As a travel blogger, I get on average five invites a week to stay at hotels across the world. For example, a private villa in Bali recently told me: "If you come to Bali again, please come stay with us complimentary for a few nights!" So, when I go to Bali next, I can search my emails and probably find a month's worth of places who have invited me to stay. If it were a place I didn't yet have these relationships, I could reach out to hotels that make sense to collaborate with.
On the flipside, hotels also reach out for "paid campaigns" or "influencer trips." In these cases, they may pay for your flights, pay you a daily rate, and even pay for a photographer or guest to join you. If I felt like it, I could bounce around the Greek islands or overwater villas in the Maldives for months, staying in free rooms where I've been invited — and often hotels will offer meals and activities to boot.
This is where blogger integrity and knowing your audience comes in: Bloggers need to make sure they are helping their readers, inspiring their trust, and staying true to them. If we didn't have readers, we wouldn't have a blog that earns an income. That means if we stay somewhere, we will already have done our research — and we know the place will be worthy. If there are issues, we'll need to include them in our honest reviews.
Elle reaching out to the hotel in question was not out of line. Many hotels would have been happy to accept her, as they have in the past, if it matches their marketing goals. If hotels weren't seeing a positive result from bloggers staying with them, then why as a travel blogger do I get so many requests each week? To put it into context, a blog like mine with 900,000 monthly readers can earn about $3,000 for a two-night stay at a hotel on a paid campaign — and I have. There is a very measurable return on investment for these hotels — or influencers wouldn't be a thing. Love it or hate it, it's reality.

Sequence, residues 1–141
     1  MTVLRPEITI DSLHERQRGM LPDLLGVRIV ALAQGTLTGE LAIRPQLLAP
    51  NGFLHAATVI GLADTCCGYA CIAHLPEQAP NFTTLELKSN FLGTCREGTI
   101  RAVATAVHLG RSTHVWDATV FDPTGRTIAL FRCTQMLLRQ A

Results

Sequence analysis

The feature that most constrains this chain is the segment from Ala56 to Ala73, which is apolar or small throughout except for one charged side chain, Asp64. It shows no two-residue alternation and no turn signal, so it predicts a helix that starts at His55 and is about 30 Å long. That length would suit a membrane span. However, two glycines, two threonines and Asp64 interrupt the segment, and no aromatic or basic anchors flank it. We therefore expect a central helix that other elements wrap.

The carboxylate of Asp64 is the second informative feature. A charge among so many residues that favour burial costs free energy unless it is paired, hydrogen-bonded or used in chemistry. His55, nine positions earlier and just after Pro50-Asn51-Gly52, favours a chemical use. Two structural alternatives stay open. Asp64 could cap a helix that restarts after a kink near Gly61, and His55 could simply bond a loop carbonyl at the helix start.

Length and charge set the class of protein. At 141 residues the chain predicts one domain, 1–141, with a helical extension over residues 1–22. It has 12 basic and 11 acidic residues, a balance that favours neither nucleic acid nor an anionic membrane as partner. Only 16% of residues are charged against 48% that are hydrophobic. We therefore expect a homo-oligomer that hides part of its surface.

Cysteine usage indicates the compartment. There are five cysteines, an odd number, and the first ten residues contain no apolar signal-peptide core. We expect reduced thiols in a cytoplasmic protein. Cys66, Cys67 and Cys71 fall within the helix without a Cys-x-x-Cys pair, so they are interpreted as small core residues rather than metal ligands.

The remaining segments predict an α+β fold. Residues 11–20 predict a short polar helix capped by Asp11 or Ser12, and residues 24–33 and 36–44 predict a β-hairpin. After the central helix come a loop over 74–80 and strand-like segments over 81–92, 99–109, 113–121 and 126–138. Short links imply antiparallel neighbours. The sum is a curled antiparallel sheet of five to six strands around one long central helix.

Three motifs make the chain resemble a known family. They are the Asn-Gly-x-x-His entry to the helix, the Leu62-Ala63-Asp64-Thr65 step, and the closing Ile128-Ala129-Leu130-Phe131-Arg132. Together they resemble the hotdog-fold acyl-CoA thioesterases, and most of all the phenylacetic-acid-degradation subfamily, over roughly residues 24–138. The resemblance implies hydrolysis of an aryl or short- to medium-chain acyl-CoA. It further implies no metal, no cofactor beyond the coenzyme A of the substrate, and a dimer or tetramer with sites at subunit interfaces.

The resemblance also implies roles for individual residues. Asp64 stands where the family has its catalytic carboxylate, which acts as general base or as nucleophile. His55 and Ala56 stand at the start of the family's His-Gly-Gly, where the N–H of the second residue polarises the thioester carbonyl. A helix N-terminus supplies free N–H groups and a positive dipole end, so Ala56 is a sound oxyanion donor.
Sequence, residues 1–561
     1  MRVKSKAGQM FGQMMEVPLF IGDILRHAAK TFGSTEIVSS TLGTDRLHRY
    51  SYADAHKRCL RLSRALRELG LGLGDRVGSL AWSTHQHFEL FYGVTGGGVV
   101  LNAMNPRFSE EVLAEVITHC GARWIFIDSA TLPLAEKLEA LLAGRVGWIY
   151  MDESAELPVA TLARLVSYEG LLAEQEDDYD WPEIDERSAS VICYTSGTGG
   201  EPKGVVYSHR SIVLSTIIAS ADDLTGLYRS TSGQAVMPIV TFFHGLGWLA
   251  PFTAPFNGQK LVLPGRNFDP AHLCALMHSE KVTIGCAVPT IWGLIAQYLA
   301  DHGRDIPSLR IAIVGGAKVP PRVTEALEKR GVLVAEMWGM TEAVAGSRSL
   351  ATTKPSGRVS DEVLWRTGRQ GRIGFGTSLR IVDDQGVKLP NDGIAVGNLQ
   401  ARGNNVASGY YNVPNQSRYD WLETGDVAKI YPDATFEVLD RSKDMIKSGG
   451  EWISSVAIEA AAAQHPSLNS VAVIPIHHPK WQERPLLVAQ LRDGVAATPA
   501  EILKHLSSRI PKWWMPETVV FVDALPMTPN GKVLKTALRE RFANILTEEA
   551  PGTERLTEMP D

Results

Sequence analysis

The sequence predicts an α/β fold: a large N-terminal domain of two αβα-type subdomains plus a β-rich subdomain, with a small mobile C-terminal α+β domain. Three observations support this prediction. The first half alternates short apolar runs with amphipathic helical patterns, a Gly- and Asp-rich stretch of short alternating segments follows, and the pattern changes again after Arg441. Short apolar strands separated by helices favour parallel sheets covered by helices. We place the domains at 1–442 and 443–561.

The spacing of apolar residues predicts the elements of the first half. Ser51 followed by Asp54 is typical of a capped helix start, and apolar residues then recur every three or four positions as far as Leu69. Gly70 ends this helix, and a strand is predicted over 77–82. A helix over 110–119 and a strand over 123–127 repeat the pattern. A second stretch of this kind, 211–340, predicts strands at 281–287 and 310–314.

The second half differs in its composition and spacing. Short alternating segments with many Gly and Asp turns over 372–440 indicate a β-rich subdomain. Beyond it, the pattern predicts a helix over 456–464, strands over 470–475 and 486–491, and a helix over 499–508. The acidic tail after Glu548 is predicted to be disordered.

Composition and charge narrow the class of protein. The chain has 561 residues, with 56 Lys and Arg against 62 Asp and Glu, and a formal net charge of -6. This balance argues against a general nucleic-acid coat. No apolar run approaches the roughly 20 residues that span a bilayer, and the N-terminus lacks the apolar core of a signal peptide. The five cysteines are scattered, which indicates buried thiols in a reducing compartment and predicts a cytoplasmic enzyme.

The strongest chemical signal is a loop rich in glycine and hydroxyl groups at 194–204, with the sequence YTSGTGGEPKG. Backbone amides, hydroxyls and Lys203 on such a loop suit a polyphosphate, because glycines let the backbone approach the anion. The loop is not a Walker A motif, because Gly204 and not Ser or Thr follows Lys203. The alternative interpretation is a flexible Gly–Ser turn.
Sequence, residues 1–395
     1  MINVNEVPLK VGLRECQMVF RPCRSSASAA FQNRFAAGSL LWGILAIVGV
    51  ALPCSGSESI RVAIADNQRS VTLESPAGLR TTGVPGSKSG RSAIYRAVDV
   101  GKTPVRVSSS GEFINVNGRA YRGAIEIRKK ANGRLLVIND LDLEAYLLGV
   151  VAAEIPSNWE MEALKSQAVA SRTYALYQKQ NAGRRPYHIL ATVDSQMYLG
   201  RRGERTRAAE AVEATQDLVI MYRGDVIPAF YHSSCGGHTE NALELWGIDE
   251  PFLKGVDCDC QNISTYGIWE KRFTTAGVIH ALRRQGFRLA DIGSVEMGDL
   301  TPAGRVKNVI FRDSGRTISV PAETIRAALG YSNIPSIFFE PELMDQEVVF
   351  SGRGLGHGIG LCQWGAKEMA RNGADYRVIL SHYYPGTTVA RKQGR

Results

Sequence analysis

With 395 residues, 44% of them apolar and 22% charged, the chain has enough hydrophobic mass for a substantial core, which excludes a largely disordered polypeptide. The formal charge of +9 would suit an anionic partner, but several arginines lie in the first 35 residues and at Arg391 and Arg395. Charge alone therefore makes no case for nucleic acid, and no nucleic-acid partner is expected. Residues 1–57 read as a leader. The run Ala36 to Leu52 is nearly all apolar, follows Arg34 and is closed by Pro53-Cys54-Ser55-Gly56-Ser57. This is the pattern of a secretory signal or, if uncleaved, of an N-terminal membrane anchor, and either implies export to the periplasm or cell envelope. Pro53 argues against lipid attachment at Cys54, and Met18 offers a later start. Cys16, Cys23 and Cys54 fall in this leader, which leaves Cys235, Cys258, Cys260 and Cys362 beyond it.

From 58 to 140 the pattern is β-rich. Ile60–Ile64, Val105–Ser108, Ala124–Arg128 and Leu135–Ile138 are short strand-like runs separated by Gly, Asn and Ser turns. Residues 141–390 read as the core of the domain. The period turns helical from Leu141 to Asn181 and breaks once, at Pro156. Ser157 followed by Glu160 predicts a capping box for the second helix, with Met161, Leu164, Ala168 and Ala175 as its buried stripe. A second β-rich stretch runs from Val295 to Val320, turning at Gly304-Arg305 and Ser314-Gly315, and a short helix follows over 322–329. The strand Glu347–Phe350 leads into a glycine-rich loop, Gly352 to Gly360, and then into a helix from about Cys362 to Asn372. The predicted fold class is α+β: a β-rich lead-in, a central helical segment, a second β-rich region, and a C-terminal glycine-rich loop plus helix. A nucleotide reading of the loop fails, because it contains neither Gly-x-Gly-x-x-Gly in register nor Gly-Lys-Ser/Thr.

More so, we build our hard-earned audience over years and thousands of posts. For me, I've been blogging for four years and it takes a lot of time to grain trust and be able to build a relationship with readers. When you partner with a hotel or brand, they are tapping into your audience — and why should that be free? Bloggers with large followings should of course be paid for their promotion — not just get "free trips."
Yes, I use quotation marks when I say "free" stay. Usually, the stay entails writing up a guide to the city with the hotel information in it, or a full review of the hotel if it's a longer stay. It means taking photos that are Instagram worthy, which is a space that is getting more and more competitive every day. The blogger has to mention the property on YouTube, Instagram, Twitter, Facebook, take awesome photos, and write a blog post. If it's a paid campaign, that blog post will require SEO research — it's not something just thrown together hastily. On paid campaigns, there are contracts stating which hashtags to use, times to post, and viewpoints the hotel prefers. In other words... it's work.
Elle mentioned she wasn't going to reply as she felt mortified. Nut after many bloggers reached out to her (even I sent her an Instagram message!) telling her that man was very rude and she should just keep doing her thing, she decided to stand up for herself.
What is sad is the number of people chiming in who don't understand the industry. So I hope that this gives you a little more insight. Travel blogging is a real job!